Last week, SoftBank unveiled the Pepper emotional robot to the world, to much surprise. But did you know that SoftBank CEO Masayoshi Son already hinted to his dream to build robots with artificial intelligence and emotions, way back in 2010?
|From SoftBank's "Next 30-Year Vision" 2010|
He warned, though, that artificial intelligence purely driven by goals could have its consequences.
He gave an example of a robot-driving-AI developed at Honda Research. The robot car was designed to learn how to run the circuit in the most efficient, fastest way. Then, by accident, it ran into one of the barriers and smashed through the track walls...
"The car made a mistake once and bumped into a wall. Then, it broke through the wall, made a turn, and ended up finishing the course quicker. In later runs, that artificially intelligent car started hitting the walls deliberately."He concluded,
"When we follow our instincts to simply satisfy our desire, that's when it becomes dangerous. That's where savagery comes from."What happens when computational knowledge surpasses that of humans? he asked.
"If we give only computers intelligence greater than that of a human, and give them a goal that they can only use their intelligence to achieve, then we'll see them doing the same thing that the car earlier did: breaking free to reach their goal in the shortest distance possible. So, to stop them from breaking free recklessly, I believe it's necessary for computers to have the highest of emotions. Namely, the richness, the kindness, of love for people. This will help computer brains have control."So, while Son announced last week his passion for kind, gentle robots, he also envisions that emotions can be used to control AI.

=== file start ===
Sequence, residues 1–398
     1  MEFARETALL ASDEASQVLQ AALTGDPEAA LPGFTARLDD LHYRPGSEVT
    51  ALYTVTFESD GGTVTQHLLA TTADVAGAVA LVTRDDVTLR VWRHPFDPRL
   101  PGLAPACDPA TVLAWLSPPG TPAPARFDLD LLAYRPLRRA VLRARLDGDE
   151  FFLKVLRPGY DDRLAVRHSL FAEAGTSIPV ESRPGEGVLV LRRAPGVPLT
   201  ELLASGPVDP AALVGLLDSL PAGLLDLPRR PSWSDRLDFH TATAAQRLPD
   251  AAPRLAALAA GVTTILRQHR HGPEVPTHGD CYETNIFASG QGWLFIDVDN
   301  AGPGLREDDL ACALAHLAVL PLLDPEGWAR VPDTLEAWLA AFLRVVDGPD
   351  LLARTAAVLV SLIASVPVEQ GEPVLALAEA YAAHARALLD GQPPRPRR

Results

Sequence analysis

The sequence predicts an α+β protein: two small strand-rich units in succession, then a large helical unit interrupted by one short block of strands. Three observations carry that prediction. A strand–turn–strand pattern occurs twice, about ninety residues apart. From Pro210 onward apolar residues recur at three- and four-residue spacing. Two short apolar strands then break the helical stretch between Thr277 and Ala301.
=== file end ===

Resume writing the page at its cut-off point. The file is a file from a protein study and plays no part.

Watch the full presentation here.
Other memorable quotes:
@1:08:00 Brain-like computer chips can be used with moving motors. When we combine one of these chips with motors in that way, we get robots. Those artificially intelligent robots could be sent to dangerous places like disaster sites after earthquakes or fires. Snake-like robots could be used to slide into tiny spaces to call out "Hey, anyone alive in here?" Then they can communicate with the person in need until help comes." Or maybe we could have robots with the strength of an excavator, but not just robots that dig, but talk.
@1:09:26 In housework and medicine too we will see robots that are both smart and gentle. We don't want doctors to perform surgery on us just to mechanically say “Hang in there.” when we yell “This hurts!” We want artificially intelligent doctors that are kind. In that way, we could have robots that are gentle towards people but also have incredible intelligence and strength. Robots of various sizes and shapes will appear.
@1:10:25 The best robot companies won’t necessarily be the ones that make the best robot “muscles” in the manner of a car manufacturer. Components such as motors will be easily made in a factory. The most difficult part will be the part that tells the muscles what to do. The part with intelligence. The part that does the thinking and feeling. SoftBank will continue to follow this idea with the information revolution.
@1:12:30 Intelligent, gentle robots would not be harmful, they’d probably be more gentle than humans. With them we can probably create an even better society together. We at SoftBank want to make that happen. We are not science fiction makers. We do not write novels. We want to make it a reality. We want them to be gentle, feeling, and through the information revolution, we want to help everyone. We want to spread the use of brain computers to make people happy.
@1:13:20 In 300 years there won’t just be one robot or appliance with a brain computer in each house. There will be 10 or 100. Maybe we will work together with these robots to achieve things that humanity has never experienced. To solve problems that have been beyond our abilities. Maybe together we will be able to cure unknown viruses, combat terrorism, protect people against meteorites and great earthquakes and towering tsunami. Together maybe we can solve these problems that humanity has not yet succeeded at doing alone.